Q&A: Those who opt for the scheme will lose ownership of their homes, but won't have to move
The enhanced mortgage-to-rent scheme launched by mortgage campaigner David Hall offers hope to thousands of families trapped in an arrears nightmare.
The scheme enables a housing body take over the ownership of homes where mortgage holders are deep in arrears, with no prospect of getting back on track.
How does it work?
David Hall, of the Irish Mortgage Holders Organisation, has set up iCare Housing to buy homes off people in deep arrears. This is the first time the scheme is being operated on such a large scale.
He has funding from AIB Corporate Finance to run the enhanced mortgage-to-rent scheme initially for customers of AIB and its subsidiaries EBS and Haven.
Those who opt for the scheme will lose ownership of their homes. The homeowner must voluntarily surrender their home to the lender.
The lender, in this case AIB, then sells it to the approved housing body, such as iCare, at a discount to market rates. Those who take it up go from being a homeowner to being a tenant of an approved housing body.
How do I qualify?
Borrowers must be eligible for social housing. This means the property must be of a value no more than €365,000 for a house and €310,000 for an apartment or townhouse in Dublin, Kildare, Meath, Wicklow, Louth, Cork and Galway. The maximum values for the remainder of the country are €280,000 for a house. They must not own any other property.
The net income for a family in Dublin must be less than €42,000. In Co Cork, the income limit is €36,000 for a family.
To qualify, the property will be in negative or marginal positive equity. The mortgage debt must be deemed unsustainable.
Who owns the property?
The property will be owned by iCare. People in the scheme will have a 30-year lease with iCare, and pay rent to it. If you qualify for the scheme, and you agree to it, your arrears will be written off.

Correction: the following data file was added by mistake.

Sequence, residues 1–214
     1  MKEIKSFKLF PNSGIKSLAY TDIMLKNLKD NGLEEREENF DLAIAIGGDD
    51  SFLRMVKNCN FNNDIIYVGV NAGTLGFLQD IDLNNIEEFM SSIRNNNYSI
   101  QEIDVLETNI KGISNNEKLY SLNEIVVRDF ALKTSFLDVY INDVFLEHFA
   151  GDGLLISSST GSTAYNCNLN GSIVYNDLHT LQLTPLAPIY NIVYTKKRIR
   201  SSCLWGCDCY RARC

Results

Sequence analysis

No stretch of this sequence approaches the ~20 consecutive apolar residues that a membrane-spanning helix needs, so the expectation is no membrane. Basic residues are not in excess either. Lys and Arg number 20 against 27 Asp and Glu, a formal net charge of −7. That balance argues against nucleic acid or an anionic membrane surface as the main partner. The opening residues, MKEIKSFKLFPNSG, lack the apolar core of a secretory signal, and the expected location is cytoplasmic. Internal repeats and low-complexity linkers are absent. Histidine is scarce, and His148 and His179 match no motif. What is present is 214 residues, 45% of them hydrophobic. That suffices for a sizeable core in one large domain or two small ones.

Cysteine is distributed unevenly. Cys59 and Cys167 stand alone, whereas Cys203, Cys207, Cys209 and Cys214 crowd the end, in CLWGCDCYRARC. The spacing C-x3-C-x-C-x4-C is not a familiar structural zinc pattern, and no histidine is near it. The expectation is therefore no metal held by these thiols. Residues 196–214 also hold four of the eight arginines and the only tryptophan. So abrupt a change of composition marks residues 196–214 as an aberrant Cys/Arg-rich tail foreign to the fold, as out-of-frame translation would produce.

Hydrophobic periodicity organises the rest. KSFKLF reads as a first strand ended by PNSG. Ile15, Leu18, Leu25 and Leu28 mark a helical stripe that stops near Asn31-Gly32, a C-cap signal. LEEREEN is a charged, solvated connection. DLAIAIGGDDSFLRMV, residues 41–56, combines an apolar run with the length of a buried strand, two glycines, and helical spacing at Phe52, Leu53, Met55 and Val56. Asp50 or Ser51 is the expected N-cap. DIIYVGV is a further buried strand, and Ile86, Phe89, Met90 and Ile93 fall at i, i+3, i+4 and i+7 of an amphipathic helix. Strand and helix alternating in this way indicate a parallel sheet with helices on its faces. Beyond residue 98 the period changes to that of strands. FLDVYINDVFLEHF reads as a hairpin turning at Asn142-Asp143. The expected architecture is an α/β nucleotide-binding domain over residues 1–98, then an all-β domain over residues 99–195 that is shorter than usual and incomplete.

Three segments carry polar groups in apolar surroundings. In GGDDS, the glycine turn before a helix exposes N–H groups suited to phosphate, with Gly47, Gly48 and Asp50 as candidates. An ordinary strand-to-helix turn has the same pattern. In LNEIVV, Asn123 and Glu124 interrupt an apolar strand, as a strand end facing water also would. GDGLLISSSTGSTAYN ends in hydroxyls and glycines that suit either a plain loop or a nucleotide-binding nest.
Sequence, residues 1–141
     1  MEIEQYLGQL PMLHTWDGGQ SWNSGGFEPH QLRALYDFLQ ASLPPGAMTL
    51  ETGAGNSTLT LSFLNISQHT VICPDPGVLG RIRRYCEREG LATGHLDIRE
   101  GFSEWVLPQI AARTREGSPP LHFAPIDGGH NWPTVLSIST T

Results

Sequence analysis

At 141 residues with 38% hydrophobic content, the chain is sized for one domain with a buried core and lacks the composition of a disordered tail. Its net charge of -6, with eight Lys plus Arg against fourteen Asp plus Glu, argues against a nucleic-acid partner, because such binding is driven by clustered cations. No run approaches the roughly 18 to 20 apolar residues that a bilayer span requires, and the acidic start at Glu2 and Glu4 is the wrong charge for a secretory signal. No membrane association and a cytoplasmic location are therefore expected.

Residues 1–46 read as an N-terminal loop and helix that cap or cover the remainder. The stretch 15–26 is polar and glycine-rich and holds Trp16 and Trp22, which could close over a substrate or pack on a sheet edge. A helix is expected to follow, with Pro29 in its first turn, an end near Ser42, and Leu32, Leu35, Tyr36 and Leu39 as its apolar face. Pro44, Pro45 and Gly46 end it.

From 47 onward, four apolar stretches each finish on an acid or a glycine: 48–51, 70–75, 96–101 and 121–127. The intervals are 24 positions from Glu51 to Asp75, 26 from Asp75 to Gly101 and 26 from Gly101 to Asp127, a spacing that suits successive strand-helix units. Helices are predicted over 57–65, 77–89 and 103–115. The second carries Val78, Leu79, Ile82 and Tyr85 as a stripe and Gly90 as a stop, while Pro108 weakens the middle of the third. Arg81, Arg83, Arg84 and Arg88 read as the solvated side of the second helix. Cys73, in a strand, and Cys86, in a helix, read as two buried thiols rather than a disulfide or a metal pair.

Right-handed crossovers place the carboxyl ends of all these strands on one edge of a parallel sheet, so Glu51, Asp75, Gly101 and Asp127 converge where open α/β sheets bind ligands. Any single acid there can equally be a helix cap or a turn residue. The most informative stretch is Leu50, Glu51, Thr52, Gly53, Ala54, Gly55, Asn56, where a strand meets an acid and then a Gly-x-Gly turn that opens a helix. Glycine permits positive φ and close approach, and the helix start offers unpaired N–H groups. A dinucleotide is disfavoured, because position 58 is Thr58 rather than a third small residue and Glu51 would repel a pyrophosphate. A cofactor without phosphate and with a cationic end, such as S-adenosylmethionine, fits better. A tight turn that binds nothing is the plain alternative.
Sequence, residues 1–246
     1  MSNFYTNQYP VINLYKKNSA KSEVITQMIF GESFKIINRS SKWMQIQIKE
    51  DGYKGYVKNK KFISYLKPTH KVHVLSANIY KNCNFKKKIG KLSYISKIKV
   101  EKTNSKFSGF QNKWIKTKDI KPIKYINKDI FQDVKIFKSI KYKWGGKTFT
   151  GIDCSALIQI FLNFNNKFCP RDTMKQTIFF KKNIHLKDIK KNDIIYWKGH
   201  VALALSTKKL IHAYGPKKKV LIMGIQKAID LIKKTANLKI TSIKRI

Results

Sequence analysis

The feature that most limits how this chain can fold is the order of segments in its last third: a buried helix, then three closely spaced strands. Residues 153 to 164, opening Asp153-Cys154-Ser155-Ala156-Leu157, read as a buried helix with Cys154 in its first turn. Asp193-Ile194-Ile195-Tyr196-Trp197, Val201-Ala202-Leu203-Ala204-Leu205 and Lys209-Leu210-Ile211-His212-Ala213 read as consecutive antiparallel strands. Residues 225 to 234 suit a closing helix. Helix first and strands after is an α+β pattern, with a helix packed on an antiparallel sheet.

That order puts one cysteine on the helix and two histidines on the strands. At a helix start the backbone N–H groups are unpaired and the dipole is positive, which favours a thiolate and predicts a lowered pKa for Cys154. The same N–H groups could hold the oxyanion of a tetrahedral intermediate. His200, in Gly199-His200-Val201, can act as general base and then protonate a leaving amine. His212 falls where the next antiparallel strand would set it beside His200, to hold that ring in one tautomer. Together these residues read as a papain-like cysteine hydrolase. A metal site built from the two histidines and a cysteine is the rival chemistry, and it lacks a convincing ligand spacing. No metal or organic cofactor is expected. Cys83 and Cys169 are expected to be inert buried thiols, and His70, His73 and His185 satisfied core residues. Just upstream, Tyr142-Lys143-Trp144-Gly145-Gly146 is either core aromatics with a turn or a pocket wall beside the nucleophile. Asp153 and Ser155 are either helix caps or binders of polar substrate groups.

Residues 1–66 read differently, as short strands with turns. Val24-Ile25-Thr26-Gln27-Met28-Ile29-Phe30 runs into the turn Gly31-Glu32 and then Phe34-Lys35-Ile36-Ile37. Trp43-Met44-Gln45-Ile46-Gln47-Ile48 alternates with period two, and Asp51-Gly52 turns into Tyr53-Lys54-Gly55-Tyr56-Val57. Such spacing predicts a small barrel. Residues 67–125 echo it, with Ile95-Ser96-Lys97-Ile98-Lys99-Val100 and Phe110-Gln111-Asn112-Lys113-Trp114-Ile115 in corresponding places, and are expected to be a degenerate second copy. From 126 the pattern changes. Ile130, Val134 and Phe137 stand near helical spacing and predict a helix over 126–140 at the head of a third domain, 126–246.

There will be an option for those who are in the scheme to buy back the home in future at a discount to today's market value.
How much will the rent be?
You will pay what is called a differential rent to iCare. This means the amount of rent you pay depends on the amount of your total household income.
If your income is low, your rent payment will reflect this and will be low, but if your income increases so will your rent payment.
Mr Hall expects to agree deals with the local authorities. Where people in the scheme have no funds, up to 92pc of the rent can be paid to iCare by the local authority.
How is the deal being financed?
The homes will be bought at a discount from the lenders.
AIB Corporate Finance is providing funding for iCare Housing, which could rise to €100m if the scheme works out. There is also funding coming from the State's Housing Agency, under a Capital Advance Leasing Facility. The funding works out at up to 40pc of the value of the homes. The interest on this is 2pc, and the first repayment is not due for 30 years.
Will other lenders take it up?
Housing Minister Eoghan Murphy called on other lenders to take it up. Mr Hall said he was in talks with Bank of Ireland and some vulture funds about taking over properties, where the owners are in arrears, and operating the mortgage-to-rent scheme.